Malaysia’s former prime minister Najib Razak has been convicted of abuse of power, criminal breach of trust and money-laundering over the multibillion-dollar looting of the state’s 1MDB investment fund and sentenced to 12 years in prison and ordered to pay a fine of 210m ringgit ($49m). Najib’s conviction has not brought an end to a sordid scandal played out before the world (see Commonwealth Update, July 2015). However, observers have hailed it as a landmark ruling and an emphatic assertion that the rule of law extends to even premiers from the most gilded of backgrounds. ‘For a very long time, not only in Malaysia but in the whole region, it was widely understood and an unwritten rule that if you made it to the number-one political office, you normally are protected from abuse of power prosecution,’ said James Chin, at the University of Tasmania in Australia.
Najib has always denied the allegations and said he would appeal. Last year, as police closed in, the Malay aristocrat made an unlikely attempt to rebrand himself as a man of the people, encouraging the nickname ‘Bossku’ (boss). It worked then among many of his diehard Malay supporters but less is heard of the nickname since he was convicted. He is now on bail awaiting trials on further charges. His wife, Rosmah Mansor, also faces money-laundering and tax evasion charges, to which she has pleaded not guilty. Meanwhile, the US investment bank Goldman Sachs has agreed a $3.9bn settlement with the Malaysian government over its role in the 1MDB scandal. The investigation enveloped 17 of the firm’s current and former bankers, who were charged by Malaysia.
The scale of the looting, which came to light largely through the efforts of Clare Rewcastle-Brown, the British journalist behind the Sarawak Report, is breathtaking. In 2016, the US attorney general called it ‘the largest kleptocracy case’ in American history. In raids on six premises linked to Najib in 2018, police seized items estimated to be worth up to 1.1bn ringgit ($273m). It took 16 days for police to work out the value of roughly 12,000 items of jewellery. They included some 1,400 necklaces; 567 luxury handbags, worth $12.7m alone; 423 watches; 2,200 rings; 1,600 brooches; and 14 tiaras. The hit film The Wolf of Wall Street, which starred Leonardo DiCaprio as a crooked stockbroker, was financed through $100m stolen from 1MDB, according to the US Department of Justice.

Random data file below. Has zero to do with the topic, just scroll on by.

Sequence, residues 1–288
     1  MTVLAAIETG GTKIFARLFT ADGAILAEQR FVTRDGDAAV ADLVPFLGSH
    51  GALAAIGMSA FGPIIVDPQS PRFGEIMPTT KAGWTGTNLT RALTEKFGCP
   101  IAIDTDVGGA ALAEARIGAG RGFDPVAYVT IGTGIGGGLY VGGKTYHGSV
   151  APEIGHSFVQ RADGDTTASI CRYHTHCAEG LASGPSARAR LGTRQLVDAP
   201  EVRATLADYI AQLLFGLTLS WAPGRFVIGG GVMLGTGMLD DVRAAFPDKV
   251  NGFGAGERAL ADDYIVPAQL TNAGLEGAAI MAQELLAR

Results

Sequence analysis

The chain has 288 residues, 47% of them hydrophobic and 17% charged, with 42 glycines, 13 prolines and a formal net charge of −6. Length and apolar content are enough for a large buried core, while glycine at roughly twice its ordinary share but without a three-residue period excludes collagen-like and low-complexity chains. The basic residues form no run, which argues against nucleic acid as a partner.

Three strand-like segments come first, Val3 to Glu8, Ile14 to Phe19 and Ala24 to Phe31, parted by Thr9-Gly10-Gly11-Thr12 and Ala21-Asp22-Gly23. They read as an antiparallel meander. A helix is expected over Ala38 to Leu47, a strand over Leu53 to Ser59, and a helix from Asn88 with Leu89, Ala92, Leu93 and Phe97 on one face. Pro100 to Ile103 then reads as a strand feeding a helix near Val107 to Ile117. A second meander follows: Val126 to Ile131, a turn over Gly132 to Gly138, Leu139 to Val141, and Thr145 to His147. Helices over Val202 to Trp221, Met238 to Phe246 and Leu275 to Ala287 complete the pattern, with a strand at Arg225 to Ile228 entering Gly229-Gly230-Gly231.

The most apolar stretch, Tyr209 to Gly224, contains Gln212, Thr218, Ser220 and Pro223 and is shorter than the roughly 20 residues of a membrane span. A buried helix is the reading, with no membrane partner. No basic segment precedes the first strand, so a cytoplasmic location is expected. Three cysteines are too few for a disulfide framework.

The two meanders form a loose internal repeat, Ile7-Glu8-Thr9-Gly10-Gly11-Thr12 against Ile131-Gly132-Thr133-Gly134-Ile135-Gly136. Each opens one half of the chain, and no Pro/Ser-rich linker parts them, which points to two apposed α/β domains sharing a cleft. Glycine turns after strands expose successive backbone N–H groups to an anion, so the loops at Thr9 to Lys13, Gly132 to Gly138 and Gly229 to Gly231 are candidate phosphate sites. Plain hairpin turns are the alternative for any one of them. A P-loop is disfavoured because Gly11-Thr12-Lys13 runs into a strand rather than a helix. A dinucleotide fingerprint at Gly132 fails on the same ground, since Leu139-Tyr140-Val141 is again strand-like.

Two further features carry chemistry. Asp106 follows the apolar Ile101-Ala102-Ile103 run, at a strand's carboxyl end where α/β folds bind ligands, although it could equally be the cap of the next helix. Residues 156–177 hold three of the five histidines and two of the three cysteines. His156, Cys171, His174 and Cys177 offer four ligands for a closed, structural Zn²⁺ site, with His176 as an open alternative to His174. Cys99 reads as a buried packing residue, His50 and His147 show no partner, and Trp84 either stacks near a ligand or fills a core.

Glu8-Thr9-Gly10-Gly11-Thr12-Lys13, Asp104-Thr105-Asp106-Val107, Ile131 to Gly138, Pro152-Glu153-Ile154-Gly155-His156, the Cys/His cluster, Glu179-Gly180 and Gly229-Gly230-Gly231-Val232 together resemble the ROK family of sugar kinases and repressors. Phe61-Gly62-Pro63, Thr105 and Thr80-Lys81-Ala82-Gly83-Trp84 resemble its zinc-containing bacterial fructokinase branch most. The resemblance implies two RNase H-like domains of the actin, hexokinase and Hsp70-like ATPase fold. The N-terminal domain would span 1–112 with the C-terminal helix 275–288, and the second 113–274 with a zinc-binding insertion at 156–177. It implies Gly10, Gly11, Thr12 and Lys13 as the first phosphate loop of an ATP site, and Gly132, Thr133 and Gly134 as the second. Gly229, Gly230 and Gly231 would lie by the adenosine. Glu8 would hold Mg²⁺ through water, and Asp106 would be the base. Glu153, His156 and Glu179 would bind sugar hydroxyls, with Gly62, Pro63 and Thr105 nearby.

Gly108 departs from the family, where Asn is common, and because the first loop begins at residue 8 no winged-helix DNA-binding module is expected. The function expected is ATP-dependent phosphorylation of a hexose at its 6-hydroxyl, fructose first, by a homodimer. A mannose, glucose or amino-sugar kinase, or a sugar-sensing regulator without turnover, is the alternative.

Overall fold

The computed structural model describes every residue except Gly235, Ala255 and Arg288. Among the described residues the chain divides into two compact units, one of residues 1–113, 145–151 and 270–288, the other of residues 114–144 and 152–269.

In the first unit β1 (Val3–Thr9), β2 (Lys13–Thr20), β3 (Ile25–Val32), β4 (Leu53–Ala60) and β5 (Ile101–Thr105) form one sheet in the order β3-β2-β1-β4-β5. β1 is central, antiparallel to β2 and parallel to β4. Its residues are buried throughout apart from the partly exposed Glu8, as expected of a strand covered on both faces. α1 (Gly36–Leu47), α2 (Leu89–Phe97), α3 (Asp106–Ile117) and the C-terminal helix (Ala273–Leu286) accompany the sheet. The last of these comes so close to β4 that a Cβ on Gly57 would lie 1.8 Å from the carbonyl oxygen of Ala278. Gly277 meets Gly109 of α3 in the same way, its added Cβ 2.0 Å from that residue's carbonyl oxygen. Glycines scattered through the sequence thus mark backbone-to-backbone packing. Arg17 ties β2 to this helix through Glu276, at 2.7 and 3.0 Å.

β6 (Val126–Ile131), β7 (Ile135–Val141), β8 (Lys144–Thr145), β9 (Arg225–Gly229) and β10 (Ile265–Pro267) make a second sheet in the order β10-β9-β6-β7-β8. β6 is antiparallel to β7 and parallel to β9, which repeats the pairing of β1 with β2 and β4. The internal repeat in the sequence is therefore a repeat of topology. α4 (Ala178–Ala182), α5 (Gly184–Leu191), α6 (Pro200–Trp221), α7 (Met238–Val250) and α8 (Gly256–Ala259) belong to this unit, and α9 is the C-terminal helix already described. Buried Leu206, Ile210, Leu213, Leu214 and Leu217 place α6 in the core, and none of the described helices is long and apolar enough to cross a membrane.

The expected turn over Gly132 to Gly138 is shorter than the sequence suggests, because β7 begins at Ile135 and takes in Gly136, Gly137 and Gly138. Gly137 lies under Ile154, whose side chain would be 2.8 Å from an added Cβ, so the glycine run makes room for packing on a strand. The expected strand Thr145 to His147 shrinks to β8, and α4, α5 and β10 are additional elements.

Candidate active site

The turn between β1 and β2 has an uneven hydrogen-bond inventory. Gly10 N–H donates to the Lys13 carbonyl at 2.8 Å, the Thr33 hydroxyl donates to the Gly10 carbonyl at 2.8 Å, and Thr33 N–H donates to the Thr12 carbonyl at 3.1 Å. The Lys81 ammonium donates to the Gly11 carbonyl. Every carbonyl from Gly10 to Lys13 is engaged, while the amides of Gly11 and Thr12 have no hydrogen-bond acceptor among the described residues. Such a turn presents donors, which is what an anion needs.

Najib’s fall has been all the greater because of his background as a scion of the ruling elite. His father, Abdul Razak Hussein, was the country’s second prime minister and his uncle, Hussein Onn, was the third. A cousin was a minister and a brother ran the country’s second-biggest bank. He became an MP at the tender age of 22 when he inherited his father’s seat on his death. Before that he had been studying at Nottingham University (though Sarawak Report alleged he never actually got the degree he claims to have). The case helped to bring down the ruling Barisan Nasional alliance led by Najib’s party, United Malays National Organisation (UMNO) – the ethnic Malay party that had ruled Malaysia since independence (and which owed its constitutional supremacy to Najib’s father).
Anwar Ibrahim, the opposition leader and former deputy prime minister, told CNBC: ‘It is a renewed hope for Malaysians in general who were upset with the recent political development but at least they believe now that the climate for change and, finally, the voice of the people must be heard.’ Anwar was one of the first to raise the alarm about the looting of 1MDB and was jailed on trumped-up charges in 2015. He warned that the appeal process could result in an overturn of Najib’s conviction, but added: ‘We hope for the best.’
While welcoming the conviction, the Guardian warned in an editorial of dark days ahead for Malaysia without new elections and a party such as Anwar’s multiracial and secular People’s Justice Party (PKR) in power. As James Chin said in The Conversation: ‘As long as the governing system is built on the notion of racial and religious superiority and discrimination, Najib’s verdict will be seen by the Malay elite as a story of personal greed rather than a failure of the system … Najib’s guilty verdict will not bring even an iota of change to the country’s political and economic system. What is needed in Malaysia is the abandonment of the racist Ketuanan Melayu Islam [Malay Islamic supremacy] ideology.’
The opposite may well happen, though. The Economist suggested that Najib’s conviction may push his former deputy, Muhyiddin Yassin, to leave Bersatu, (the Umno-like ethnic nationalist bloc he founded after he was expelled from the then ruling party when he confronted Najib over the 1MDB scandal) and returning to Umno.
For now, though, most Malaysians are celebrating. Bridget Welsh, of the University of Nottingham Malaysia, said: ‘There is a sense of euphoria among the citizens that justice is being served.’